group of people standing smiling with a giant bank check that says $100,000.

Left to Right: Patrick Burke, NYS Assemblymember, District 142; Karen McMahon '86, New York State Assemblymember, District 146; Latoya Joyner '12, New York State Assemblymember, District 77; Interim Dean and Prof. S. Todd Brown; Prof. Kim Diana Connolly, Vice Dean for Advocacy and Experiential Education and Director of Clinical Legal Education; and Monica Wallace '94, New York State Assemblymember, District 143.

State funding bolsters clinic support for unemployed clients

Unemployed individuals in Western New York have a new ally in gaining life-sustaining benefits, with a major state grant to support the work of student attorneys at the University at Buffalo School of Law.

woman standing at a podium, talking.

Latoya Joyner '12, New York State Assemblymember, District 77

The $100,000 grant, announced at an outdoor news conference Aug. 16 on UB’s North campus, will increase capacity of the law school’s Community Engagement Legal Clinic. In addition to other initiatives, student attorneys in that clinic represent clients whose initial applications for benefits have been denied and submit appeals to the Unemployment Insurance Appeal Board.

Passage of the State Legislature funding was led by New York State Assemblywoman Latoya Joyner, a 2012 graduate of UB School of Law and chair of the Assembly’s Committee for Labor. She represents portions of the Bronx as the Assembly member for the 77th District.

The Community Engagement Legal Clinic, one of the law school’s #UBLawResponds clinics dedicated to addressing Access to Justice needs, focuses on unemployment benefits issues, protecting the civil rights of veterans, examining possible civil responses to racially motivated violence, helping Western New York middle and high school families appeal unfair disciplinary actions that contribute to the school-to-prison pipeline, and other matters. The clinic was created in response to legal needs generated by the COVID-19 pandemic.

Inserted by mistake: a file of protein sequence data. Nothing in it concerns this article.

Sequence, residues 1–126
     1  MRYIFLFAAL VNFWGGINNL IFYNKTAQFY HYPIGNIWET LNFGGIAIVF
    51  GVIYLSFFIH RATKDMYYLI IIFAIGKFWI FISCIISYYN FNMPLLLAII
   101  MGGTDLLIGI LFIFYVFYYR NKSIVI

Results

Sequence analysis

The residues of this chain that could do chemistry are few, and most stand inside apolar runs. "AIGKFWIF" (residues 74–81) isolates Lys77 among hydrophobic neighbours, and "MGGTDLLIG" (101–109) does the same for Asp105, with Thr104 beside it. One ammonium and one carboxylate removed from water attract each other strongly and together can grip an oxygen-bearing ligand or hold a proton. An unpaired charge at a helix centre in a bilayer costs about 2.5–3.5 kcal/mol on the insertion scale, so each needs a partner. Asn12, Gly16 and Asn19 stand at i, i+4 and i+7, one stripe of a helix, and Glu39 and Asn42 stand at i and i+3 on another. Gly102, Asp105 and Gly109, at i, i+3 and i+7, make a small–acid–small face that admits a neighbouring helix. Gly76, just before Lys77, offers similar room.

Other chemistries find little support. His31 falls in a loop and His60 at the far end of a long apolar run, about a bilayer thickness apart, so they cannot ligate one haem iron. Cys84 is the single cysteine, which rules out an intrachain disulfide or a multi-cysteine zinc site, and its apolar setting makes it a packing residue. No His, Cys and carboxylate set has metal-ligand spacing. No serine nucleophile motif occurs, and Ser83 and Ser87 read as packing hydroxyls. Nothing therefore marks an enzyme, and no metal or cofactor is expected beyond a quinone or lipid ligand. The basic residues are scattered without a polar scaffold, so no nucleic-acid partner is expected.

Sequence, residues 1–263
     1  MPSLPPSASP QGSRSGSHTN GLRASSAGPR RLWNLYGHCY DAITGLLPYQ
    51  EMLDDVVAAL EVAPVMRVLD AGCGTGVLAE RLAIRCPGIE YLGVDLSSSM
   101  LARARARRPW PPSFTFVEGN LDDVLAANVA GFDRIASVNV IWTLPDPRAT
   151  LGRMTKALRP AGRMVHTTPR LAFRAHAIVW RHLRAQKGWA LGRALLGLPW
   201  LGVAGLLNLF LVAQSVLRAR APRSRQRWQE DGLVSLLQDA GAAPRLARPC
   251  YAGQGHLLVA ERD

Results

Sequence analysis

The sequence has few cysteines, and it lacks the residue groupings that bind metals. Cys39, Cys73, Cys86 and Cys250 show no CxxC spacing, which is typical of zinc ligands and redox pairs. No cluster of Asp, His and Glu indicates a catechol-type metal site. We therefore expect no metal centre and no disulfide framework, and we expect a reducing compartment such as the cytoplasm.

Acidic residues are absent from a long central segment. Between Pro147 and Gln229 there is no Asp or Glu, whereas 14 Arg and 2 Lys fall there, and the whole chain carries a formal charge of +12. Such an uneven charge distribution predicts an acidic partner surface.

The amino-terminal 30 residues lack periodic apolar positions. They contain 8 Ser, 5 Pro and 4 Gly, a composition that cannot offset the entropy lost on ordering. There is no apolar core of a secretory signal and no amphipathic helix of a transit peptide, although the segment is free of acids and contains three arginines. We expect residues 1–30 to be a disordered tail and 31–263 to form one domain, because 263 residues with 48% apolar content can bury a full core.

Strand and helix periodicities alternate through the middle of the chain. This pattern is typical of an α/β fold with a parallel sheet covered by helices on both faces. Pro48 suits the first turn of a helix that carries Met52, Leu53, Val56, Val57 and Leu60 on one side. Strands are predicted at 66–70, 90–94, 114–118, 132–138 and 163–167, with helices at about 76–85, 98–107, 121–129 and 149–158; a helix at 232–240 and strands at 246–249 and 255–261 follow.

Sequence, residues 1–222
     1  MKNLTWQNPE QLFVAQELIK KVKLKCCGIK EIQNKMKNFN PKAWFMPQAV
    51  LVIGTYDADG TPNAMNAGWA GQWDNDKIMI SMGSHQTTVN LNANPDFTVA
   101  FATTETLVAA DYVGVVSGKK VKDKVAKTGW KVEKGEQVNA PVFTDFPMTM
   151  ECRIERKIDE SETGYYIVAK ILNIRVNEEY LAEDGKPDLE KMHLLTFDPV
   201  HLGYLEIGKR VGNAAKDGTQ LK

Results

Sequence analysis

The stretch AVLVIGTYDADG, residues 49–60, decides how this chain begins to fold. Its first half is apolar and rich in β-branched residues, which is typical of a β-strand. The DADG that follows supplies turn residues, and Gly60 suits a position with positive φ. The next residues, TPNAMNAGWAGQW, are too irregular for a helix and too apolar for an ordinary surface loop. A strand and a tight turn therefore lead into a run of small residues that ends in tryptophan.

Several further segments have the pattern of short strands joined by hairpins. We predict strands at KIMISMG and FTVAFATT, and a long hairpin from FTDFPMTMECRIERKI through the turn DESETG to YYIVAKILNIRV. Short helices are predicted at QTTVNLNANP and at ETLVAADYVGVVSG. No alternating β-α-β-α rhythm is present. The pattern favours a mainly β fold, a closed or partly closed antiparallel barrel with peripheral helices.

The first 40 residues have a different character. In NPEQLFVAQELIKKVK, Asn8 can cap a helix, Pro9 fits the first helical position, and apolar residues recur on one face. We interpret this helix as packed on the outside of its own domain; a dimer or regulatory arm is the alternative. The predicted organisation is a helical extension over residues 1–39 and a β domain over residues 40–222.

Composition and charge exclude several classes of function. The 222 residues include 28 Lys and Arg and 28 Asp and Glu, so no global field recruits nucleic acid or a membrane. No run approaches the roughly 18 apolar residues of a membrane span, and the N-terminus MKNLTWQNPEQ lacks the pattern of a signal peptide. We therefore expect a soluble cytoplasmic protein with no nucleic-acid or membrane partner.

“This idea was born out of a conversation with the attorney general’s office,” Joyner said at the news conference. “We saw the rise in people applying for unemployment during the pandemic, and just last week we had 15,000 claims in New York State alone.”

The funding for the law school clinic comes in parallel with a similar grant for work at New York University, bolstering services to unemployed clients both upstate and downstate.

“It’s a critical program, and I’m very proud to be part of this initiative,” Joyner said. “I hope it will spearhead even more initiatives throughout the state.”

“As New York State’s law school, we are committed to providing a first-class legal education to our students and serving our community by providing access to justice for those who might otherwise not find proper representation,” said Professor S. Todd Brown, interim dean of the law school. “These twin goals merge in our clinical program.

“This new funding that will enhance our ability to serve the community. And it will provide our students with the opportunity to gain valuable litigation skills from client interviews, direct and cross-examination, research and drafting briefs, and preparing for and delivering closing arguments. It will also give them front-line experience in Access to Justice work specifically. And, of course, it will provide service for those with critical needs.”

“This funding will allow our clinic to focus on vital unemployment matters facing New Yorkers,” said Professor and Vice Dean for Advocacy and Experiential Education Kim Diana Connolly, who directs the law school’s clinical education program. “Our students are able to make a huge difference in the lives of their clients.”